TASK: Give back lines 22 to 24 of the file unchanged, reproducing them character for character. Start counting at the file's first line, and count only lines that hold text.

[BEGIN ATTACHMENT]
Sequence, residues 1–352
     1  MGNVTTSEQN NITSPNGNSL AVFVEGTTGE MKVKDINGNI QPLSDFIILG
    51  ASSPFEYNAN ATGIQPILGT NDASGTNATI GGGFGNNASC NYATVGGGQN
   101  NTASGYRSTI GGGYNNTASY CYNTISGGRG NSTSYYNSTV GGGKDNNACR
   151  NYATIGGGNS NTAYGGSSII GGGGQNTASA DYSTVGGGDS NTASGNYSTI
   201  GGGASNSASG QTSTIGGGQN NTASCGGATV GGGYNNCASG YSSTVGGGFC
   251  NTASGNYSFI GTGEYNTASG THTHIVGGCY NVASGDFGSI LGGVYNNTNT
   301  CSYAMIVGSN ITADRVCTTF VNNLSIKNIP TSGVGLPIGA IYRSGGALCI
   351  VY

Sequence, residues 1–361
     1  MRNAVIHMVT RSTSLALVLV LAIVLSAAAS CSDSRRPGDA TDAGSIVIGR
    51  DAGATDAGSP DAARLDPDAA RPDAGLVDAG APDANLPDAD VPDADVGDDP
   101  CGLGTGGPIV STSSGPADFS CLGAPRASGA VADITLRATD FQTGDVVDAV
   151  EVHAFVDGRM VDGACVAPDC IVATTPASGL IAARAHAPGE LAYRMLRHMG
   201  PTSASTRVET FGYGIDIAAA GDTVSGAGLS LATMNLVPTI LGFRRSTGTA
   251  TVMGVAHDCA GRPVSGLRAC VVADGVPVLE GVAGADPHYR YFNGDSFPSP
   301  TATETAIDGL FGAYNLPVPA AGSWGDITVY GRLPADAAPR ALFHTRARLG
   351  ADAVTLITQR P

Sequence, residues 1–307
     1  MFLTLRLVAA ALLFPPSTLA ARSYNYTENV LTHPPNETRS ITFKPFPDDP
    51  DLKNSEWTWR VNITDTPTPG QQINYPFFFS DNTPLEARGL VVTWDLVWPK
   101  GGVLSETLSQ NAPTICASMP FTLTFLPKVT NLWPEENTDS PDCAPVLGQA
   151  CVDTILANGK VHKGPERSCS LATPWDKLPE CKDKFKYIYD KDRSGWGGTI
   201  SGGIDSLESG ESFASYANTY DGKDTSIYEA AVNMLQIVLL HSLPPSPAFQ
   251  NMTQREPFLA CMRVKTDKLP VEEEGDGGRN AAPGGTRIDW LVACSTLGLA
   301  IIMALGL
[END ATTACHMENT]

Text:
   101  GGVLSETLSQ NAPTICASMP FTLTFLPKVT NLWPEENTDS PDCAPVLGQA
   151  CVDTILANGK VHKGPERSCS LATPWDKLPE CKDKFKYIYD KDRSGWGGTI
   201  SGGIDSLESG ESFASYANTY DGKDTSIYEA AVNMLQIVLL HSLPPSPAFQ